Even though the first Pap smear may not take place until around age 21, it is recommended that teenage girls begin seeing a gynecologist around the age of 15 for problems related to the female organs and puberty. By this time, they have most likely started their menstrual cycle and it is a good time to begin establishing a relationship with a trusted resource and talk about questions regarding contraceptives, gynecological issues such as menstrual cramps, abnormal bleeding, and hormonally-related mood swings, as well as STD’s.
In time, before the first Pap smear, a routine pelvic exam will be performed. During a pelvic exam, a gynecologist will look and feel the external and internal reproductive organs. This exam helps to make sure that these organs are healthy and that no underlying condition exists. Many medical professionals recommend a woman have their first pelvic exam if they have not started their menstrual cycle by age 16, by the time they have become sexually active, or have reached the age of 18. If a woman is a virgin it is still important to have this exam. Problems with bleeding, cramping, pain, or discharge, can be diagnosed and treated with this exam will help determine if there is a medical problem.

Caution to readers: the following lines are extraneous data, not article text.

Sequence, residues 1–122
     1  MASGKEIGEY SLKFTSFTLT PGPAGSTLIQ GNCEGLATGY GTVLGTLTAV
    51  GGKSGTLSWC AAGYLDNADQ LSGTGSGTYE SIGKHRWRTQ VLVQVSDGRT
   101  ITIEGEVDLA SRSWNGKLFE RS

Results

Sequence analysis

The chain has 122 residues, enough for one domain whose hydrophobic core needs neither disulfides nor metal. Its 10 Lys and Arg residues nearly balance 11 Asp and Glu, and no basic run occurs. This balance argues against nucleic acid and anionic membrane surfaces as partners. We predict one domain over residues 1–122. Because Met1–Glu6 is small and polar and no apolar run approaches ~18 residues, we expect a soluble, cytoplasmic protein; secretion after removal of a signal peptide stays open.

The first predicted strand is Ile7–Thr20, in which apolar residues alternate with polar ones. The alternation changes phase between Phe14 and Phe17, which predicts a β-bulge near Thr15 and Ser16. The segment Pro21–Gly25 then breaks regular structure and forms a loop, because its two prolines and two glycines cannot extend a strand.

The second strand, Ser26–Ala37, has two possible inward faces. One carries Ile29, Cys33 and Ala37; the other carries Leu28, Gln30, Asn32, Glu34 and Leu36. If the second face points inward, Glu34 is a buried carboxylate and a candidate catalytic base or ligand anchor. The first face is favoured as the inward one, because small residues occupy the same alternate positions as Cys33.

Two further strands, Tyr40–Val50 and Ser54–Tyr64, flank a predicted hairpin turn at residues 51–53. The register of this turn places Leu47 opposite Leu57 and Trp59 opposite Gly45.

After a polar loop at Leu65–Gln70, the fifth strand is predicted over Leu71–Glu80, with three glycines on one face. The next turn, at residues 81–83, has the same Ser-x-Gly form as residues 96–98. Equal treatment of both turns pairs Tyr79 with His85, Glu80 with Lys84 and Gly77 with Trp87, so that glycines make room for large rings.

Women’s Healthcare—What Next?
After the age of 21, a woman should visit her gynecologist every year. Topics surrounding healthcare for women will become very important in the years that follow as additional body changes occur, and the topic of pregnancy and childbirth become more relevant. Routine Pap smears, pelvic exams, breast exams, weight, blood pressure and nutritional health will be at the forefront of these visits. Some gynecological conditions, such as Endometriosis, are often detected in women who are in their 20s. Endometriosis is a condition in which uterine endometrial tissue grows outside of the uterus on the fallopian tubes and ovaries leading to abnormal bleeding and cramping, and in some cases, infertility. Vaginal infections such as yeast infections are also more prevalent in this age group.